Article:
Monday, October 25, 2010

Once again with Paul.

Let me open with a welcome to my 2nd follower.  You know who you are, and I'm so excited to have you.

When we last left Paul, he was being held in a Roman garrison in Jerusalem...

In Acts 23:11, Jesus spoke to Paul saying, "Take Courage, for as you have testified to the facts about me in Jerusalem, so you must testify also in Rome."*  Did Paul wonder when? Did he have any idea how quickly God would act?  And God did act quickly.  That very night, Jews were plotting to kill Paul, and the Council was in on it.  No sooner had they hatched their plot than they were found out and thwarted.  Paul's nephew found out about the plot, and went immediately to Paul with his knowledge. 

Paul's interaction with the Romans holding him is very interesting to me.  In 17-19, "Paul called on of the centurions and said, "Take this young man to the tribune, for he has something to tell him."  So he [the centurion] took him [the nephew] and brought him to the tribune and said, "Paul, the prisoner called me and asked me to bring this young man to you as he has something to say to you."  The tribune took him [the nephew] by the hand, and going aside asked him privately, "What is it that you have to tell me?"*  The Romans heed Paul, both the centurion and the commander.  They take his words and wishes seriously.  This could be because they know Paul to be a free-born Roman citizen, but he is also a prisoner, currently of much lower social standing than say, the High Preist Ananias. But Paul is the man they heed, and he is ushered out of the city that very night.  Before the plotters can even put their plan into action.

The commander orders Paul's exodus amidst what I call "a magnificent display of Roman might." Two hundred seventy men-- soldiers, spearmen, and horsemen--escort this one little prisoner out of Jerusalem. I wonder, did the High Council hear of their departure?  Or did Ananias receive a missive from the commander to report to Caesarea to plead his case before Felix.  I picture Ananias with a piece of parchment crushed in his fist, an angry gleam in his eye.  That he, the High Priest of God's Chosen People should be summoned to the Court of this Gentile who calls himself a leader...  Am I endowing Ananias with a little too much venom?  I don't know.  I tend to think not since he was so willing to participate in a plot of murder, but maybe I am.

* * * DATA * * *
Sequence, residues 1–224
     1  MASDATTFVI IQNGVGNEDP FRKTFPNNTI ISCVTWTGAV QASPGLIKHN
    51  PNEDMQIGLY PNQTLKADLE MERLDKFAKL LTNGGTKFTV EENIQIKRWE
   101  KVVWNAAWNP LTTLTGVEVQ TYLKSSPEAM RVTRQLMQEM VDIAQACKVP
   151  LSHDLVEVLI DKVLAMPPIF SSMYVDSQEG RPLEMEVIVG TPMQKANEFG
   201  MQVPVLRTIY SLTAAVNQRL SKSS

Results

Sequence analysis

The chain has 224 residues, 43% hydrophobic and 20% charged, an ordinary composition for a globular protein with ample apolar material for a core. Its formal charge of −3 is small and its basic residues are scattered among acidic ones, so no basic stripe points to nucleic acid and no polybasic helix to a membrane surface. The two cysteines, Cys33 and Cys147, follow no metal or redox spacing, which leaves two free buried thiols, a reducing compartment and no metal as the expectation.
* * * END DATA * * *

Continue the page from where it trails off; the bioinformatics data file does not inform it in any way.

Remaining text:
In Chapter 24, The plot to kill Paul has failed.  It seems that the High Council has scrambled to put together a "legal team" to travel to Caesarea.  It would seem this was not the finest hour for either Ananias or Tertullus, the spokesman.  Paul, in his defense, calls them on their failure to produce witnesses to testify to their case, particularly the "Jews from Asia" who caused the original tumult so many days ago in the Temple. 

I love verse 22 "But Felix, having a rather accurate knowledge of the Way [emphasis added], put them off, saying, "When Lysias the tribune comes down, I will decide your case."* It would seem that Felix was at least familiar enough with Christians to understand that they were doing nothing deserving of death.  So he allowed Paul some liberty as what we might call a "minimum security prisoner." Though he was self-serving enough to keep Paul in prison with an eye and ear toward the possiblity of filling his own coffers with bribe money from Paul, and toward pacifying the Jews.

*Today's Scripture from the English Standard Version

This seems a rather long post, but maybe they'll be shorter when I get the hang of this.

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